The NPS is much more militaristic than I had realized from the outside. The military aspects partially come from the U.S. Cavalry running the parks until the National Park Service was set up 50 years after the first national park. I learned a lot about the military by working for the NPS. One odd thing was that there were all-black Cavalry groups that were major caretakers of some of the parks before the NPS existed. The role and importance of those early black soldier caretakers are only now being recognized and celebrated in the 2000s. Today the NPS has new programs to attract both more diverse visitors and employees. Women of any color are being treated somewhat better today.

When I think back on it, I would say that in my high school and certainly my college years, I was the most conscious of the civil rights movement and the war in Vietnam. After I went to work, I became more conscious of women’s rights and inequities. Flash forward: for 35 years, I have lived in a small remote Colorado mountain resort town and worked in construction. Our town was very lily white when we moved here. Our Hispanic population has increased a lot and we have to face and deal with discrimination and racial issues now. In the resort era of this town, women have played a major role in leadership, especially in government/elected positions. Today, I often wear a dress over my jeans (but by choice). I am used to being a female working in a “male” job—after 40 years.

I really wish I had those blasting caps – I would put them in one of my mixed media groutless mosaic art pieces.  The blasting caps were both very visually interesting and would convey an implied message – like blow up the dams on rivers – which the government is actually doing more and more – it is how you remove dams and restore habitat and bring back fish like salmon.



White Owl Cigars and Racial Tension: Hauler on a Tobacco Farm, by Marty Bernstein

2 Oct

Marty today
Marty Bernstein worked in the New York state court system as a civil servant. He was like a round peg in a square hole—a left-wing court officer and clerk. Two years after retiring in 2007, he worked part time at a non-profit for the developmentally disabled. In 2013 he completely retired and now spends vacations in a coope
rative community in upstate New York called Spring Glen Meadows, the home of burned-out sixties radicals. He has two adult children and has been married to the same woman for 38 wonderful years. Her name is Patricia Ruggiero Bernstein. He says it has been a great Jewish-Italian combination.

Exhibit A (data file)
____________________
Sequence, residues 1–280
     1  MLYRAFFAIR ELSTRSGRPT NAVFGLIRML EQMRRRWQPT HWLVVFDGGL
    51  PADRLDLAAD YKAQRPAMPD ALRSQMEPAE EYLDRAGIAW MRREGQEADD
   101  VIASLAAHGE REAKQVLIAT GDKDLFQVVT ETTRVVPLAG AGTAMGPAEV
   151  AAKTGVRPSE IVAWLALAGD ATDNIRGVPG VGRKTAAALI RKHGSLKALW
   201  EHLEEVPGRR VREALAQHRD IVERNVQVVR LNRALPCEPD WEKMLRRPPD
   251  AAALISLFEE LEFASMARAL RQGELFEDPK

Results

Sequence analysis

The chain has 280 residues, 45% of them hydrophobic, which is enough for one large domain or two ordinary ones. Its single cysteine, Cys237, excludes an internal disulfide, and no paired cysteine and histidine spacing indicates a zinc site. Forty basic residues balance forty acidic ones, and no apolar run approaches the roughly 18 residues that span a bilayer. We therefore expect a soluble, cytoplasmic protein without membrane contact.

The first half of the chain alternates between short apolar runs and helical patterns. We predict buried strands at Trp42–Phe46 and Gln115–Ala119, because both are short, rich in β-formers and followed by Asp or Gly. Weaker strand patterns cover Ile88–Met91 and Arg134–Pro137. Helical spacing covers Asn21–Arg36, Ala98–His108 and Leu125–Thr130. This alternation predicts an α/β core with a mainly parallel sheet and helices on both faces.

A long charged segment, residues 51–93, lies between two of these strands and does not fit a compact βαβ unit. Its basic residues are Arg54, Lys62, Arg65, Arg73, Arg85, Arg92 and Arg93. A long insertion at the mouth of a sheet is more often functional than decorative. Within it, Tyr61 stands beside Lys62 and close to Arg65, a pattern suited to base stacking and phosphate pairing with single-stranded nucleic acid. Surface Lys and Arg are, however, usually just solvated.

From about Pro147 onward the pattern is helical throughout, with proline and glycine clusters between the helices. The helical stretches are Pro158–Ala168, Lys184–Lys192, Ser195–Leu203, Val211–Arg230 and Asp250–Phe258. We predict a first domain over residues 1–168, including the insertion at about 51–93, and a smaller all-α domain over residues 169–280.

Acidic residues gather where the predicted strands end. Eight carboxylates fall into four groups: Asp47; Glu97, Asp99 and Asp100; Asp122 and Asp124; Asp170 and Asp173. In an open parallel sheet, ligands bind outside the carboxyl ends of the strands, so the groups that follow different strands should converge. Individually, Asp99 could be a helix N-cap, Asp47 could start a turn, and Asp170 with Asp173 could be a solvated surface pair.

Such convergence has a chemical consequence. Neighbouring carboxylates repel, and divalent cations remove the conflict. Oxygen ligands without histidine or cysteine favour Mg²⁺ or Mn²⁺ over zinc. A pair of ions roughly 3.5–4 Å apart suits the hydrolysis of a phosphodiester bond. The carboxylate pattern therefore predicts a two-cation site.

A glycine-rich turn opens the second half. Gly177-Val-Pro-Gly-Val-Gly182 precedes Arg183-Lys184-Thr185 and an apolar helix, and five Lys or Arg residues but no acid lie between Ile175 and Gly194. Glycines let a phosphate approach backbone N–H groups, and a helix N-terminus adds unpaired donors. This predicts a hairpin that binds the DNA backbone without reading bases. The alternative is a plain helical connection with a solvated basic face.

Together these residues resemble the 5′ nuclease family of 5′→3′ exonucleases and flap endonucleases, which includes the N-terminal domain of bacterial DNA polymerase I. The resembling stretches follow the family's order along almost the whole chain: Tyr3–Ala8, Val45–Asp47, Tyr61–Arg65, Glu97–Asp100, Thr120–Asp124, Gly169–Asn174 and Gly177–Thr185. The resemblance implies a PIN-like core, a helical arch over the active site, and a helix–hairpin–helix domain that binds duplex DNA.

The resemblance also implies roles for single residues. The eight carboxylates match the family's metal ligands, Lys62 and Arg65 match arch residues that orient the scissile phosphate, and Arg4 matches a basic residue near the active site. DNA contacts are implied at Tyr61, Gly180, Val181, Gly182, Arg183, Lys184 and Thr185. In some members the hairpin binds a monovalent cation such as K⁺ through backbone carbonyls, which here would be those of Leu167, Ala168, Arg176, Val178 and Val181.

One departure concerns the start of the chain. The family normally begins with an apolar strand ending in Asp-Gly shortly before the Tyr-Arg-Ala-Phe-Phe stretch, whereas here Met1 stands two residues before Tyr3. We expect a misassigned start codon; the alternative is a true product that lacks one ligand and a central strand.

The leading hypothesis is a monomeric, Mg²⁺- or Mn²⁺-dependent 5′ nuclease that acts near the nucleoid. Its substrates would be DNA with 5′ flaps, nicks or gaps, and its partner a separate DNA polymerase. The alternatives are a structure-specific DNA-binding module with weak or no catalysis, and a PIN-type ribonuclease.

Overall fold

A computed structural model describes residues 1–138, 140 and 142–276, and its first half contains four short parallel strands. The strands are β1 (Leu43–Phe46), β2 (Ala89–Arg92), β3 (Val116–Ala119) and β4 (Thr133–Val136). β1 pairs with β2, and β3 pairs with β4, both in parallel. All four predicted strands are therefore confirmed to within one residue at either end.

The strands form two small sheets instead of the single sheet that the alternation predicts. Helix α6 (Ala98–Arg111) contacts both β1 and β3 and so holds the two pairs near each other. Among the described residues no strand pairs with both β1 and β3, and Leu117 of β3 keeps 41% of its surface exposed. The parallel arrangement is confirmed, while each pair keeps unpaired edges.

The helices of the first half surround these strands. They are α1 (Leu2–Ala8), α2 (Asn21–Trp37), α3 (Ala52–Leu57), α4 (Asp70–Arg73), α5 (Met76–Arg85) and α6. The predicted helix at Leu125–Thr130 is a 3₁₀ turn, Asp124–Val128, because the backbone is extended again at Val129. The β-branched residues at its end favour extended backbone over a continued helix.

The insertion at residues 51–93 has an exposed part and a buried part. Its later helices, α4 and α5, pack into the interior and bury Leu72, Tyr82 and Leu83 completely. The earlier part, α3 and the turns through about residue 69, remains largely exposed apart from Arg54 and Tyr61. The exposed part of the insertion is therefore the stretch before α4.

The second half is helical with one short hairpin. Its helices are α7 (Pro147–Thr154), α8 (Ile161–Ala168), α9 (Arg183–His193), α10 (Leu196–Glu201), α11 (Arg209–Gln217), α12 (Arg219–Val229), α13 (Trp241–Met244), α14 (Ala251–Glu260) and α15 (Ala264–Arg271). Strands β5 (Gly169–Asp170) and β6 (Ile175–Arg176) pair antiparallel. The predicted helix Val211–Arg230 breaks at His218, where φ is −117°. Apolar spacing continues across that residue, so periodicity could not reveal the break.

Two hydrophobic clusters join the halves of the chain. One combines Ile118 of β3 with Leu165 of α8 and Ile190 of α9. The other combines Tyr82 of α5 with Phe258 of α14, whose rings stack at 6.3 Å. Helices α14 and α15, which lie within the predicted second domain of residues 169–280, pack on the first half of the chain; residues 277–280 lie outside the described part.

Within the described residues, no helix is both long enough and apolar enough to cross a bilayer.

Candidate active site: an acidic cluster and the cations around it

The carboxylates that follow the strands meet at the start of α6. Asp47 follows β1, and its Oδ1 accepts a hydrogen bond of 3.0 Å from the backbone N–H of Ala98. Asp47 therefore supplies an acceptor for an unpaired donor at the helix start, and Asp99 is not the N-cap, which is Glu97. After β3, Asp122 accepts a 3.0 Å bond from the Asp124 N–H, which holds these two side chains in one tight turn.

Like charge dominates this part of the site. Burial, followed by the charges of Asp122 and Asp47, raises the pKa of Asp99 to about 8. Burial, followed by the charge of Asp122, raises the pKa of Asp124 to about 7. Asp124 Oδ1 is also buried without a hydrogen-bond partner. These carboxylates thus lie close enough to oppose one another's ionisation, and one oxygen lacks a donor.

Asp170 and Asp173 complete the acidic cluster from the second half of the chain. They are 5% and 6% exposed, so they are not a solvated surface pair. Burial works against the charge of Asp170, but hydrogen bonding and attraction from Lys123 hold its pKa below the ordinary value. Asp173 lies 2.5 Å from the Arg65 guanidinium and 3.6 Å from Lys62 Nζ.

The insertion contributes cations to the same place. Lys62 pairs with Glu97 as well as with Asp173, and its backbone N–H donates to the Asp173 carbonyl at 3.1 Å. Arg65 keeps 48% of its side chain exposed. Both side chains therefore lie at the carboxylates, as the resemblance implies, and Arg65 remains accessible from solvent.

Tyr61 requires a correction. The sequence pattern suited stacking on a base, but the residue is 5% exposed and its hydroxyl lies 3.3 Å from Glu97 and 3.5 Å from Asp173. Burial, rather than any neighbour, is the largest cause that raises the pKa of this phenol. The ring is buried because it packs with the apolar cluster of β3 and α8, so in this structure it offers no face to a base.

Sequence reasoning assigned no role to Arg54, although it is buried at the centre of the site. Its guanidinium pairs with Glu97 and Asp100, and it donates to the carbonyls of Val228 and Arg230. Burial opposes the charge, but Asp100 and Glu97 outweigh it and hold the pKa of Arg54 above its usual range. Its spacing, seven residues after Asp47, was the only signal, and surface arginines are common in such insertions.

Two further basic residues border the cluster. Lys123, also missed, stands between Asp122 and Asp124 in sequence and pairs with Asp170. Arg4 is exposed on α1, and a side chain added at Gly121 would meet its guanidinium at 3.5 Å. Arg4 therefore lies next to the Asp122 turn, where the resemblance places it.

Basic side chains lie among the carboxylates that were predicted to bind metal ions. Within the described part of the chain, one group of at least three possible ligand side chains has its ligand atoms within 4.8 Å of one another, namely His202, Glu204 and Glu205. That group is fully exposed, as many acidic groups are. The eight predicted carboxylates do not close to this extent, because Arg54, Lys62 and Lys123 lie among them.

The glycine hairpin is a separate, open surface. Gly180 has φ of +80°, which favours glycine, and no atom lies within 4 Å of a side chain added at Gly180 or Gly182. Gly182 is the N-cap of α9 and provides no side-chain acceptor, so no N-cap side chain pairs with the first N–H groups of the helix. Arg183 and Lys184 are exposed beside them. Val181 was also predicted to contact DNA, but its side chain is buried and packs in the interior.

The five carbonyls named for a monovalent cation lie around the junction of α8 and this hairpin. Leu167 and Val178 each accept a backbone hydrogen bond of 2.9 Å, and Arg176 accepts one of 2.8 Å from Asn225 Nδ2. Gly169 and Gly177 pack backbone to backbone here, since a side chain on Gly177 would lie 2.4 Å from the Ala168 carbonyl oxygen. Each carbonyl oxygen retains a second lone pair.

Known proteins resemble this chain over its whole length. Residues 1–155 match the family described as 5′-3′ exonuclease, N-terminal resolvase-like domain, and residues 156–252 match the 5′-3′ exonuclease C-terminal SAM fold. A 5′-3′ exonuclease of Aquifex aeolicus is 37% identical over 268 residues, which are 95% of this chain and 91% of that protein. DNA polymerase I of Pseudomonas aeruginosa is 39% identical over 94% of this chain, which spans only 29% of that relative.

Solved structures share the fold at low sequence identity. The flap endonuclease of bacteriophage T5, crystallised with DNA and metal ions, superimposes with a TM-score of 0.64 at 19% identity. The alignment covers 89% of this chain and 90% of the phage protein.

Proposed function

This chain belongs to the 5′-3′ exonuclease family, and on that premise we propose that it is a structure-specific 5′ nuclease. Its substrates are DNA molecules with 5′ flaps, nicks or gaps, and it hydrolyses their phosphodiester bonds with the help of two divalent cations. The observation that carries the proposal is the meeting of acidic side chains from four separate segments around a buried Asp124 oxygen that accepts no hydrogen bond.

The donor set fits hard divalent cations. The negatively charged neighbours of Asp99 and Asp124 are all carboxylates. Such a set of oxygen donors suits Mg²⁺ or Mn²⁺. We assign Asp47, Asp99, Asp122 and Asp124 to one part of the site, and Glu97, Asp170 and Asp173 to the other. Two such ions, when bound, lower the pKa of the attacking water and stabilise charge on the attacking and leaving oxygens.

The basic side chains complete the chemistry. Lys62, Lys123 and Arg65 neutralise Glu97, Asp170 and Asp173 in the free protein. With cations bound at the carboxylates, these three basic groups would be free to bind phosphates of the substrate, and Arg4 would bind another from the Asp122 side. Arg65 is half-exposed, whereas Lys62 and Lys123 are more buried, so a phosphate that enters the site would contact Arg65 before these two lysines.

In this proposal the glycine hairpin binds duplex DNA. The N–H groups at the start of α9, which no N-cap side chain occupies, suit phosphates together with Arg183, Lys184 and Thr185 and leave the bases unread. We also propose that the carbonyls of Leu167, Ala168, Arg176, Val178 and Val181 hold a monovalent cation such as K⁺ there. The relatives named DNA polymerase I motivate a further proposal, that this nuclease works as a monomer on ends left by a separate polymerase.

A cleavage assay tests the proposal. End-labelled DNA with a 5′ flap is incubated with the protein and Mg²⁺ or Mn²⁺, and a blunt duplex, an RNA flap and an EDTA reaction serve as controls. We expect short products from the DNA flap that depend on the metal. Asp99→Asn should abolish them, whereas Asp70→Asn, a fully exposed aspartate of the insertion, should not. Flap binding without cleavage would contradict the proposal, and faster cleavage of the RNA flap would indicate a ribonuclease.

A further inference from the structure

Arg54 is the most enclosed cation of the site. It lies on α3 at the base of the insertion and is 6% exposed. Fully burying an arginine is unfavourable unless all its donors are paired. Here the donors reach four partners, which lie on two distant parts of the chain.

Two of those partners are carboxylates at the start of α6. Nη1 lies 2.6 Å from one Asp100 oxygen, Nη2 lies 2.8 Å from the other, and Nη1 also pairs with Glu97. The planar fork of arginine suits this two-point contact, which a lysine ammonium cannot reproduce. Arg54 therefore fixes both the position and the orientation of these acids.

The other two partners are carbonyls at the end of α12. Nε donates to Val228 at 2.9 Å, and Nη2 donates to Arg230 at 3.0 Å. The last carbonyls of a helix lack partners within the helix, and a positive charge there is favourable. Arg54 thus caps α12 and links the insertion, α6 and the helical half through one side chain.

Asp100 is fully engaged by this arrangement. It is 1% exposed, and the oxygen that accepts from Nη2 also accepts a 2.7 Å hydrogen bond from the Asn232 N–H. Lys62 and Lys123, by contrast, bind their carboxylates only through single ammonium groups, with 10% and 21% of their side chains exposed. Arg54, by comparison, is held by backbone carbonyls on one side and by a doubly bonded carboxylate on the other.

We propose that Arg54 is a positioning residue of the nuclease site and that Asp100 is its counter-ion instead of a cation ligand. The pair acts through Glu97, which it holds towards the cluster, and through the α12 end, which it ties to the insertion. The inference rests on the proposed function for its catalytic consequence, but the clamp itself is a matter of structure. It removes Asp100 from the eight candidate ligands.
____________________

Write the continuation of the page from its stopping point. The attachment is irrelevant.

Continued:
In the summer of 1965 when I was fourteen and in junior high school, my family moved to Springfield, MassacWhite Owl Cigars with Owlhusetts from Long Island, New York. In the summer I got a job on a tobacco farm in the Connecticut Valley. It was called a shade tobacco industry. They made tobacco for the outside of White Owl cigars. The farm was owned by the Hathaway-Stene Tobacco Company.

Young boys and girls woulMarty Circa 1965d be hired to work there every summer. There was a hierarchy by height that determined what work one would do. Shorter boys were pickers because it was a handicap to be tall when picking. (Harder to stoop.) The foreman was my gym teacher, Mr. Gallucci, whom I liked. He would take us on a school bus out to the field.tobacco shed.little girls

I wasn’t a picker but a hauler. I would pull a metal framed canvas bin, about the size of a drawer in a chest of drawers with a loop in one end, down the rows to pick up the leaves. I would take them to a large shed, where all the girls worked “sewing” the leaves and hanging them to dry and age.

I had come from a lily-white, middle-class suburb on Long Island. When I got to the fields, there were both black and white boys, many of them working class. I had never been around black kids before. There was a lot of hostility and racism towards them. Although I never heard the white boys use the n-word, they called the black kids “Cottonbolls.” One time it came to blows between the two groups, and I assisted in stopping the fight. I hung out more frequently with the black kids than with the white ones.

White Owl Cigars ad with father reading to 2 kids                                                  White Owl Cigars ad with father and kid in car

All the kids came from Springfield. They went to fairly segregated schools but ironically they all played ball together at the ball park, where they seemed to get along fine. At that time the schools were de facto segregated but not by law. The junior high schools were neighborhood schools. When I attended junior high school there were no Jews in the area. The principal told me that I wasn’t allowed to be in the academic program, although I loved school and had always gotten good grades. My dad thought that the principal was an anti-Semite.White Owl Cigars ad with Jesse Owens

The four senior high schools were not neighborhood schools. They were arranged by type and were segregated by placing kids in the school deemed appropriate. The top school that was overwhelmingly white was called Classical High School. Its focus was the liberal arts. Timothy Leary had graduated from there.

The next one was the Technical High School. It had a mixture of white and Black and Puerto Rican. The third was Commerce High School, which was mainly black and Puerto Rican. The Trade High School was overwhelmingly Black and Latino. The next year I went into the Classical High School, where all the classes were academic anyway. In high school I attended weekly silent vigils against the war in Vietnam. I believe it was organized by a church group like the Quakers or Unitariatobacco drying in shedns. Also the Women’s International League for Peace and Freedom.